To confirm the trogocytosis theory in vivo, the scientists used adoptive transfer to put B cells back into B cell deficient mice who had no natural CD20+ T cells. They confirmed that only those mice receiving CD20+ B cells were able to generate CD20+ T cells. Next, the researchers used the EAE mouse models to show that CD20+ T cell expansion was tightly associated with proinflammatory T cell activation. Moreover, adoptive transfer of CD20+ T cells significantly exacerbated clinical and histological symptoms of EAE disease.
For the final set of in vivo experiments, the researchers set out to determine whether treating EAE mice with anti-CD20 antibodies could ameliorate their disease. The researchers were thrilled to find that immunotherapy treatment with anti-CD20 antibodies resulted in virtually complete depletion of both CD20+ T cells and CD20+ B cells in vivo. While anti-CD20 treatment did not eliminate EAE disease, it did significantly reduce demyelination of nerve cells in the central nervous system, a significant therapeutic benefit.
With these promising results in hand, the German research group transferred their attention to the human MS patient samples. They found that while human blood does contain a small population of endogenous CD20+ T cells, these cells are only activated in the presence of antigen presenting B cells. Furthermore, blocking the MHC-2 complex on B cells strongly reduced generation of CD20+ T cells, suggesting trogocytic transfer was at work.
Analysis of peripheral blood mononuclear cells (PBMCs) from untreated patients with MS revealed that expression of CD20 on human T cells is strongly associated with enhanced activation of pro-inflammatory cytokines.
As part of their research, the authors had the unique opportunity to follow patients in their on-site clinic who were scheduled to receive anti-CD20 immunotherapy. Each patient was analyzed prior to receiving therapy, and at regular timepoints following therapy initiation. In all patients, anti-CD20 treatment thoroughly depleted both CD20+ B and T cells from the blood. In most patients, CD20+ B cells and T cells reappeared after cessation of the therapy, along with an enhanced frequency of pro-inflammatory cytokines.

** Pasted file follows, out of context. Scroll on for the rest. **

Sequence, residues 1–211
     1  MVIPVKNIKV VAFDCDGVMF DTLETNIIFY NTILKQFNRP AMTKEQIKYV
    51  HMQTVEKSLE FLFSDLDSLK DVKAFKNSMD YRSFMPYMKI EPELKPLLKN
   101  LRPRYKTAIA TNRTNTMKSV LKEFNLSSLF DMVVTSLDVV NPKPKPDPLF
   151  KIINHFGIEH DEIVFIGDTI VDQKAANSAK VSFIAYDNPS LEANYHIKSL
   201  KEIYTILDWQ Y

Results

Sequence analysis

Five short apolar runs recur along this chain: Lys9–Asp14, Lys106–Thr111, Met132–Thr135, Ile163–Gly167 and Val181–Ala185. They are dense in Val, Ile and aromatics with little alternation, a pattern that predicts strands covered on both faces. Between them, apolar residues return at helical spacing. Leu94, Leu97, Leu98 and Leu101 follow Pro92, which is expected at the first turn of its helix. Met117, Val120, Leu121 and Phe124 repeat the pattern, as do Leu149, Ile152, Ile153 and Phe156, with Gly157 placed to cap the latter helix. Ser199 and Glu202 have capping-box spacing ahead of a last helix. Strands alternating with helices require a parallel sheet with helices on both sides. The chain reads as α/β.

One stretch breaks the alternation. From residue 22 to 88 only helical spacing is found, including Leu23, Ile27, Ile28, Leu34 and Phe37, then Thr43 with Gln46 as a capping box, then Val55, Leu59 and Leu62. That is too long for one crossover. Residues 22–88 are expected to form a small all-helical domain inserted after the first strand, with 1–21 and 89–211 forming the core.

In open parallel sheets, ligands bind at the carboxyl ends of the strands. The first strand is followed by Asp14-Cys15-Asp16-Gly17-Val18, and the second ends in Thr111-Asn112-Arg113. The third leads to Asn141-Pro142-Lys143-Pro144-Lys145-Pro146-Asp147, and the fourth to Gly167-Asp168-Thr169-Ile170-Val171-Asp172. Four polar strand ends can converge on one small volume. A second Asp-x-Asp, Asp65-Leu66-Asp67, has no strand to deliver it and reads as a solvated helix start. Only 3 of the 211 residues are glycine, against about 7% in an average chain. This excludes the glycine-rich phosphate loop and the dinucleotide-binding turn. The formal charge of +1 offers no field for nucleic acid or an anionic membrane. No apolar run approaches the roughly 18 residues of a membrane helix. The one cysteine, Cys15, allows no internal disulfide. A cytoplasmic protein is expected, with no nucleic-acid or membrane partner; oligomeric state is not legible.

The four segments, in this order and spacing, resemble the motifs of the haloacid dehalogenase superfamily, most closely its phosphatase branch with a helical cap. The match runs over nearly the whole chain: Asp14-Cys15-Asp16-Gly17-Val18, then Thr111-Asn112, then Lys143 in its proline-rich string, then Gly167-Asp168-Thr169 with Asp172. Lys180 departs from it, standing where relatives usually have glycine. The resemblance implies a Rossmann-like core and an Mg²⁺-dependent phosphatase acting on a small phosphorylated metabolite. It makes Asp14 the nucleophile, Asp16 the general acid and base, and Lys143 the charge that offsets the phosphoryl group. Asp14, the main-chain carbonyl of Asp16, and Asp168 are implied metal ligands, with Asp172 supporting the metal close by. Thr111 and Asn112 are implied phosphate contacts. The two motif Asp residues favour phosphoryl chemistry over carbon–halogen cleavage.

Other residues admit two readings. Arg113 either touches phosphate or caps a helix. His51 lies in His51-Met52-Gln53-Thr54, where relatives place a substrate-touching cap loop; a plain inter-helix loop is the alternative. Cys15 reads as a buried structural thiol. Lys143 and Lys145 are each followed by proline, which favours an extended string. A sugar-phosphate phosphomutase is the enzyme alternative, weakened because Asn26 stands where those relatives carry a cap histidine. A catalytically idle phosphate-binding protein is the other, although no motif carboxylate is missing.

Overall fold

Taken together, the findings in this paper strongly suggest that T cells acquire membrane bound CD20 via trogocytosis from CD20+ B cells during the immune activation process. These CD20+ T cells then proliferate as part of the normal immune cascade. This explains why T cell expression of CD20 is low in healthy individuals, but high in patients with autoimmune conditions. The studies in EAE mice also show that CD20+ T cells generated during immune activation show enhanced infiltration of central nervous system tissue compared to CD20- T cells, demonstrating that the CD20+ T cells have a pathogenic functional phenotype.
From an immunotherapy standpoint, the discovery of a pathogenic interaction between CD20+ B cells and T cells enhances our understanding of MS and other autoimmune diseases, and also provides important diagnostic and therapeutic opportunities.
- Ochs, J., Nissimov, N., Torke, S., Freier, M., Grondey, K., Koch, J., Klein, M., Feldmann, L., Gudd, C., Bopp, T., Häusser-Kinzel, S., & Weber, M. S. (2022). Proinflammatory CD20+ T cells contribute to CNS-directed autoimmunity. Science translational medicine, 14(638), eabi4632. https://doi.org/10.1126/scitranslmed.abi4632